Although an impressive number of studies support a central role for amyloid beta-protein (A beta) in the pathogenesis of Alzheimer's disease (AD), in the vast majority of cases, the underlying causes for the peptide's accumulation are unknown. Overproduction of A beta has been implicated in only a few cases (<5%), and newly generated AB is rapidly cleared from the brain, suggesting that A beta-degrading proteases could play a vital role in regulating cerebral levels of the peptide. Although much work has focused on the generation of A beta, relatively little is known about A beta proteolysis, which could be equally or even more important in the pathogenesis and/or potential treatments of AD. The two best-studied A beta-degrading proteases are neprilysin (NEP) and insulin-degrading enzyme (IDE). There is human genetic evidence showing linkage of the IDE region of chromosome 10q to both AD and type 2 diabetes mellitus (DM2) in some populations, which is intriguing in light of the growing evidence that DM2 and hyperinsulinemia are associated with an increased risk of developing AD. The central hypothesis of this proposal is that IDE and NEP are important regulators of A beta levels in vivo and defects in these proteases may underlie some cases of AD.
My Aims are to: 1) Determine whether dysfunction of IDE leads to decreased A beta and insulin catabolism in vivo using two animal models, 2) Assess the relative roles in vivo of IDE and NEP in the metabolism of the human isoform of A beta by breeding gene-deleted mice to human APP transgenic mice, 3) Determine the biological significance of the known polymorphisms in the 5' un-translated region (UTR) of the IDE gene in AD families with allelic association to this region of chromosome 10q by quantifying transcripts and using reporter constructs and 4) Examine several aspects of the normal cell biology of IDE, such as a possible GPI-anchor, isoforms in the CSF and serum, and search for natural binding partners. The goal of this K08 proposal is to obtain the necessary scientific training in cell and molecular biology, animal breeding strategies, and statistical analysis to allow the candidate to test the above hypothesis as outlined, and in doing so, allow the candidate to develop into a successful and independent physician-scientist with the skills to help individuals with neurodegenerative dementias. The candidate's career development plan, world-class training environment, and commitment from his Department will allow the realization of this goal.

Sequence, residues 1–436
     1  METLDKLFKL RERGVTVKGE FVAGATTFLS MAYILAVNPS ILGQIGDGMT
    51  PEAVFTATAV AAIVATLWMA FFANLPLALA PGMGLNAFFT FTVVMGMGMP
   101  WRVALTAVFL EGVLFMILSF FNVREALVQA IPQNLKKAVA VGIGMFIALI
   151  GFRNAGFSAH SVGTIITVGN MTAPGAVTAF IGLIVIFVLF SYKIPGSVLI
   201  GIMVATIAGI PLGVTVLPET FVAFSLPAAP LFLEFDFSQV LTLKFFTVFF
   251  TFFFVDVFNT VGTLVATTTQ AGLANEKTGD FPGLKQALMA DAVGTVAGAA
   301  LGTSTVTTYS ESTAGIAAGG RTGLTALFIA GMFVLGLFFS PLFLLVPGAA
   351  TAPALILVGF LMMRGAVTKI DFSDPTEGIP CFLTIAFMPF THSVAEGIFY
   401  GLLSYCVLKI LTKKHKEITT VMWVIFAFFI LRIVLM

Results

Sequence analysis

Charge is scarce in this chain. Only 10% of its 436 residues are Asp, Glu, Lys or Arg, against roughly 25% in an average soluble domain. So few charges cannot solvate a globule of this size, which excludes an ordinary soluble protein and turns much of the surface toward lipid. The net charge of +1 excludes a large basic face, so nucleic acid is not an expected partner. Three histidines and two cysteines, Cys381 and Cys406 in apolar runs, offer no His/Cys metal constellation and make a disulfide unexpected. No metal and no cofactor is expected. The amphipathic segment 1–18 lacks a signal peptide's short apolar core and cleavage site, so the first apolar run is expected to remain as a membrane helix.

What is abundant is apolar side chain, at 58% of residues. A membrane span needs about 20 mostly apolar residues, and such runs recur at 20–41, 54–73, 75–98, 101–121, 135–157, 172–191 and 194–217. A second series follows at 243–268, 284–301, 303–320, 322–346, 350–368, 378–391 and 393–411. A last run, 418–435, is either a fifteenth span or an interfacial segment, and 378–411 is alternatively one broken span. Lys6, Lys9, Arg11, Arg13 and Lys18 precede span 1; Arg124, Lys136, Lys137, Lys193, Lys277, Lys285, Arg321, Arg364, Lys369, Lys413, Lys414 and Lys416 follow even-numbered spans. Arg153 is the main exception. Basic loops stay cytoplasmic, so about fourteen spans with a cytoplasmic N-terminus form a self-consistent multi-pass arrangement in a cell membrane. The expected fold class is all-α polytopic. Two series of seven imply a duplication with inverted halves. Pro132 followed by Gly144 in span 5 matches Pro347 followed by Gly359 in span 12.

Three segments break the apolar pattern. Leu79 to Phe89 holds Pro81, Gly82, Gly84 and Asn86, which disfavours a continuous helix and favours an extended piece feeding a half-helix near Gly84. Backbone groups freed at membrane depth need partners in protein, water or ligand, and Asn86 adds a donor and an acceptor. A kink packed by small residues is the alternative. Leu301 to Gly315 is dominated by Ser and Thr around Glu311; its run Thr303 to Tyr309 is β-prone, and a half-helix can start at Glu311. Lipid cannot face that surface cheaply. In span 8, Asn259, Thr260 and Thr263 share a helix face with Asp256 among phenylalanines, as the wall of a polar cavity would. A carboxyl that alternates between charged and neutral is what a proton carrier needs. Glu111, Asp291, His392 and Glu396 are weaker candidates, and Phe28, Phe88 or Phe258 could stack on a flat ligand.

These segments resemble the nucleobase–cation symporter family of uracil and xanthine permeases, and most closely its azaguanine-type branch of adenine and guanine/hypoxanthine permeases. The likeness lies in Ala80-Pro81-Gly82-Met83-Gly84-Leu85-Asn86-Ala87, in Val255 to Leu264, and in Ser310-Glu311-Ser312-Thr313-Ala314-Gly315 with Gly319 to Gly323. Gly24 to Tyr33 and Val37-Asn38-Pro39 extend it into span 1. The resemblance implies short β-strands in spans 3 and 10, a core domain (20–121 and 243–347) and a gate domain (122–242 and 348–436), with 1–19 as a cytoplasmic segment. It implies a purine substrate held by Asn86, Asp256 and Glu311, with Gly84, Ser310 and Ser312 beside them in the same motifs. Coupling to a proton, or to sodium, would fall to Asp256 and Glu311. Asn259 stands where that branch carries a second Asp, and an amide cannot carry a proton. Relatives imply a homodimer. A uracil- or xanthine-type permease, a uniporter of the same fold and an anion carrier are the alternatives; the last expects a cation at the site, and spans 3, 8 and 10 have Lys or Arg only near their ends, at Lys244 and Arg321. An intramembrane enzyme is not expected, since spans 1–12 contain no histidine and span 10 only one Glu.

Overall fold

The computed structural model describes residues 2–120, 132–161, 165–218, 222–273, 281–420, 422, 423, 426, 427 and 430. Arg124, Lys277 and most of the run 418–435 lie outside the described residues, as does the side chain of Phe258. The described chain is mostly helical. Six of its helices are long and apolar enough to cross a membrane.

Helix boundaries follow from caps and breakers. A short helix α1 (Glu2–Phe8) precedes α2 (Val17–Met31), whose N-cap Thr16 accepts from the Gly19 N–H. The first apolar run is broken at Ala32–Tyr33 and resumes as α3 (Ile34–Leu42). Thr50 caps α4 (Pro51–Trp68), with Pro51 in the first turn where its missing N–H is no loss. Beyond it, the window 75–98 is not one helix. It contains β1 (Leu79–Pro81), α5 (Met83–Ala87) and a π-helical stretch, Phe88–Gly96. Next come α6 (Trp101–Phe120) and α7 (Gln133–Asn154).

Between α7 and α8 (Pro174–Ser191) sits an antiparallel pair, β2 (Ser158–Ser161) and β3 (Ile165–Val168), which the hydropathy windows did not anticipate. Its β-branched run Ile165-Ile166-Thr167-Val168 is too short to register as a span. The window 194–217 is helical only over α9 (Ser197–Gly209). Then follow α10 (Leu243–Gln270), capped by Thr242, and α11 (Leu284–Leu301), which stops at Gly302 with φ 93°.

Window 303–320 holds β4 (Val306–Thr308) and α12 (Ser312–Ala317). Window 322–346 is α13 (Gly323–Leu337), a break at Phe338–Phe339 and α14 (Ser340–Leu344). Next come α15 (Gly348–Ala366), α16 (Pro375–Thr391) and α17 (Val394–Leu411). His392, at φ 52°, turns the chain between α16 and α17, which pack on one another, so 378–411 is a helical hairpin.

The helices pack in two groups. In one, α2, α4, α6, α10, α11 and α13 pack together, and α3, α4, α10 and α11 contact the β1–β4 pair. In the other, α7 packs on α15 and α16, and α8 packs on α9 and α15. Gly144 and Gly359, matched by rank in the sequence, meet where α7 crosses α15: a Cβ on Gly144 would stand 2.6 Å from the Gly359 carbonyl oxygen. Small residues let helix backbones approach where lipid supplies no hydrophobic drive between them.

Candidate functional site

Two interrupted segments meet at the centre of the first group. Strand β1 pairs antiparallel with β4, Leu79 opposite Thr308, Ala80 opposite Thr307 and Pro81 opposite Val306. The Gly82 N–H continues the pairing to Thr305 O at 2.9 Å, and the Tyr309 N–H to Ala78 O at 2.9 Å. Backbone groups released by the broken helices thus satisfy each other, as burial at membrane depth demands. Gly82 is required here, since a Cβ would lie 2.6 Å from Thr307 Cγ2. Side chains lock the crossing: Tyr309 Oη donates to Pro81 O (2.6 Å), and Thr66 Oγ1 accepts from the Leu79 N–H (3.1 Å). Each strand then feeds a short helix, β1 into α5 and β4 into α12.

National Institute of Health (NIH)
National Institute of Neurological Disorders and Stroke (NINDS)
Clinical Investigator Award (CIA) (K08)
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NST-2 Subcommittee (NST)
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Sutherland, Margaret L
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University of Pittsburgh
Schools of Medicine
United States
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Hemming, Matthew L; Selkoe, Dennis J; Farris, Wesley (2007) Effects of prolonged angiotensin-converting enzyme inhibitor treatment on amyloid beta-protein metabolism in mouse models of Alzheimer disease. Neurobiol Dis 26:273-81
Farris, Wesley; Schutz, Sonja G; Cirrito, John R et al. (2007) Loss of neprilysin function promotes amyloid plaque formation and causes cerebral amyloid angiopathy. Am J Pathol 171:241-51
Farris, Wesley; Leissring, Malcolm A; Hemming, Matthew L et al. (2005) Alternative splicing of human insulin-degrading enzyme yields a novel isoform with a decreased ability to degrade insulin and amyloid beta-protein. Biochemistry 44:6513-25
Leissring, Malcolm A; Farris, Wesley; Wu, Xining et al. (2004) Alternative translation initiation generates a novel isoform of insulin-degrading enzyme targeted to mitochondria. Biochem J 383:439-46